“First, for the fourth-consecutive year, respondents indicate that ‘low security awareness among employees’ is the greatest inhibitor. OK, then invest more in training! And second, we consistently hear that most data breaches stem from exploiting old vulnerabilities. OK, then get patching! Investing in best-of-breed security defenses is always prudent, but to stop the bleeding, we’ve got to invest more in our human firewalls and reducing our network attack surfaces.”

Prepare Your Employees and Protect Your Data

We mentioned above that there’s a fairly wide swath of numbers included in reported rates of ransomware attacks and subsequent ransom payments. Looking beyond the CyberEdge study:

  • Of the infosec professionals who participated in our State of the Phish Report survey, 34% reported being victimized by ransomware attacks and, of those, only 2% paid the ransom.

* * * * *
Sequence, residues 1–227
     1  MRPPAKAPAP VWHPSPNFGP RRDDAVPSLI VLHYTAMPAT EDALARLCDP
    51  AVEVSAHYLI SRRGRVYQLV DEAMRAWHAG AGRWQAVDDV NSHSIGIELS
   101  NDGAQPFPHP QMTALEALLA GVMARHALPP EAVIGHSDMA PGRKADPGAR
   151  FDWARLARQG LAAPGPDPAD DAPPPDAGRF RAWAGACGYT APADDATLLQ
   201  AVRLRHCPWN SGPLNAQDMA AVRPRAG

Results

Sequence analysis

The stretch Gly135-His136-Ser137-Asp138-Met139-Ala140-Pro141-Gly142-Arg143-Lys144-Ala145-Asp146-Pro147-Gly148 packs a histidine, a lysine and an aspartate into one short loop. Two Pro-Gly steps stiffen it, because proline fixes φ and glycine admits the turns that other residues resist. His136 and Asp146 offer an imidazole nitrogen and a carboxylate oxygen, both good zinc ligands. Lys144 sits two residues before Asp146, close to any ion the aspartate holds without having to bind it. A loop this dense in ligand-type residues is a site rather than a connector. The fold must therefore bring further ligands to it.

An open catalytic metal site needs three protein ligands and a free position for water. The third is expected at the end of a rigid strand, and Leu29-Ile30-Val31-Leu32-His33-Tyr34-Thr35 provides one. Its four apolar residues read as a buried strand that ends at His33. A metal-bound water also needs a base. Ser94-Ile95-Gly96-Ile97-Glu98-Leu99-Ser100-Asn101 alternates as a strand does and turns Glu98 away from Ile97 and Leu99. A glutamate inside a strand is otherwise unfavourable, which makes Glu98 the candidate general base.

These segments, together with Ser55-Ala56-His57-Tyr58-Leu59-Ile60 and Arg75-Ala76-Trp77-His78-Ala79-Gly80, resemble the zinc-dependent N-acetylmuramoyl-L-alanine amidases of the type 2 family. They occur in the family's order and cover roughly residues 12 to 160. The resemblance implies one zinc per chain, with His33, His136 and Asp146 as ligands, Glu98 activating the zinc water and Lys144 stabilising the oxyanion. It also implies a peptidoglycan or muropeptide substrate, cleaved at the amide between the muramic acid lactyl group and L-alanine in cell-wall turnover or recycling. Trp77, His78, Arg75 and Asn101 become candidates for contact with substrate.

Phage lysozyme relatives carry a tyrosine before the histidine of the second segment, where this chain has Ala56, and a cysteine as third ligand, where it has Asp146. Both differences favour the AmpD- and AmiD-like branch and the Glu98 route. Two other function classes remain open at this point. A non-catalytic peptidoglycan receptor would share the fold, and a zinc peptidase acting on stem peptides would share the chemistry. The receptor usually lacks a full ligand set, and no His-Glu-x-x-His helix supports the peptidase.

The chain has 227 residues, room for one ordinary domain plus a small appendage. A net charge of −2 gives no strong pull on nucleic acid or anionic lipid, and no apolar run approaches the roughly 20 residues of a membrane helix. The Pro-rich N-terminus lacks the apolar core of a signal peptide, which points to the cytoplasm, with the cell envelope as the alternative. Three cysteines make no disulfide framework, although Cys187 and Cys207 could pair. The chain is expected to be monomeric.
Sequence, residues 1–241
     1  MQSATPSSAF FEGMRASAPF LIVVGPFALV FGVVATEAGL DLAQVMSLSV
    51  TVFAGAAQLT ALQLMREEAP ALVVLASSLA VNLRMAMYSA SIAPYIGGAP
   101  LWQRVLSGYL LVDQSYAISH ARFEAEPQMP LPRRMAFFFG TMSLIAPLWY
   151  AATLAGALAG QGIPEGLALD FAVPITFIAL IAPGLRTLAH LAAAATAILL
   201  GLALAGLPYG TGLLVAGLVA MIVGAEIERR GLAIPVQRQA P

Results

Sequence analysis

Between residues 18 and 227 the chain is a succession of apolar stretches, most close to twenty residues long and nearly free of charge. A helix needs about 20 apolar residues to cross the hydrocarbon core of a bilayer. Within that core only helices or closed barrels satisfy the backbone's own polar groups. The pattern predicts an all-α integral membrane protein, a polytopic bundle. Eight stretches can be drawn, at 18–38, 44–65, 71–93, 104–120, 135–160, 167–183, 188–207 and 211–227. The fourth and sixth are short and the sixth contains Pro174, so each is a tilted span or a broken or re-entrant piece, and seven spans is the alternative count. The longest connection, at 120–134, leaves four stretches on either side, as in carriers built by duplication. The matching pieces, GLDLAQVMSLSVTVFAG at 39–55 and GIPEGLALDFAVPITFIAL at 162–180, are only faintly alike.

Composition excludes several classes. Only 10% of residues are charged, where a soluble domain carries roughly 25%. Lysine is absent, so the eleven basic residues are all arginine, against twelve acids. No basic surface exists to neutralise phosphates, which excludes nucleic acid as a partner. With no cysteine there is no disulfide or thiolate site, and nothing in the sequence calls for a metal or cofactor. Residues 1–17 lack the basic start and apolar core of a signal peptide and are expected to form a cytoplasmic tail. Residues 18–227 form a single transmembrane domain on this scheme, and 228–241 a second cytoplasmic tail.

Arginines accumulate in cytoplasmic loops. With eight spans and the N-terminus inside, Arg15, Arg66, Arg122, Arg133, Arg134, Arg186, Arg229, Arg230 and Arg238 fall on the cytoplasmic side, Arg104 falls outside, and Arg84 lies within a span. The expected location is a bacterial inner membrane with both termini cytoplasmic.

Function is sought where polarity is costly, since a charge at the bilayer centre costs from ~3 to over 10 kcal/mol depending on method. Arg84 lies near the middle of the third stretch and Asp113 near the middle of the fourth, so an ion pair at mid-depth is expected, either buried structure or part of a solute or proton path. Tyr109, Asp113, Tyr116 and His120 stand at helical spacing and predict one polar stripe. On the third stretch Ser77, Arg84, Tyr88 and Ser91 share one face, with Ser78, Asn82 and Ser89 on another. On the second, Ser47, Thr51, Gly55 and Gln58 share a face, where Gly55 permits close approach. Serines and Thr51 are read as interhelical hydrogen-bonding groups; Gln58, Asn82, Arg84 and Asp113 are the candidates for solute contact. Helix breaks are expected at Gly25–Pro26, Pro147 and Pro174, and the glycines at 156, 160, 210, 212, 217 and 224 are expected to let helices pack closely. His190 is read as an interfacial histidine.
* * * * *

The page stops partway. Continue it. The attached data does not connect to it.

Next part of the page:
• In the Malwarebytes/Osterman Research report, Understanding the Depth of the Global Ransomware Problem, 39% of organizations said they had faced a ransomware attack in the preceding 12 months. On average, 37% of those who were infected paid the ransom, but the rates varied significantly by country (for example, only 3% of U.S. organizations said they paid while a whopping 75% of Canadian companies succumbed to ransom demands).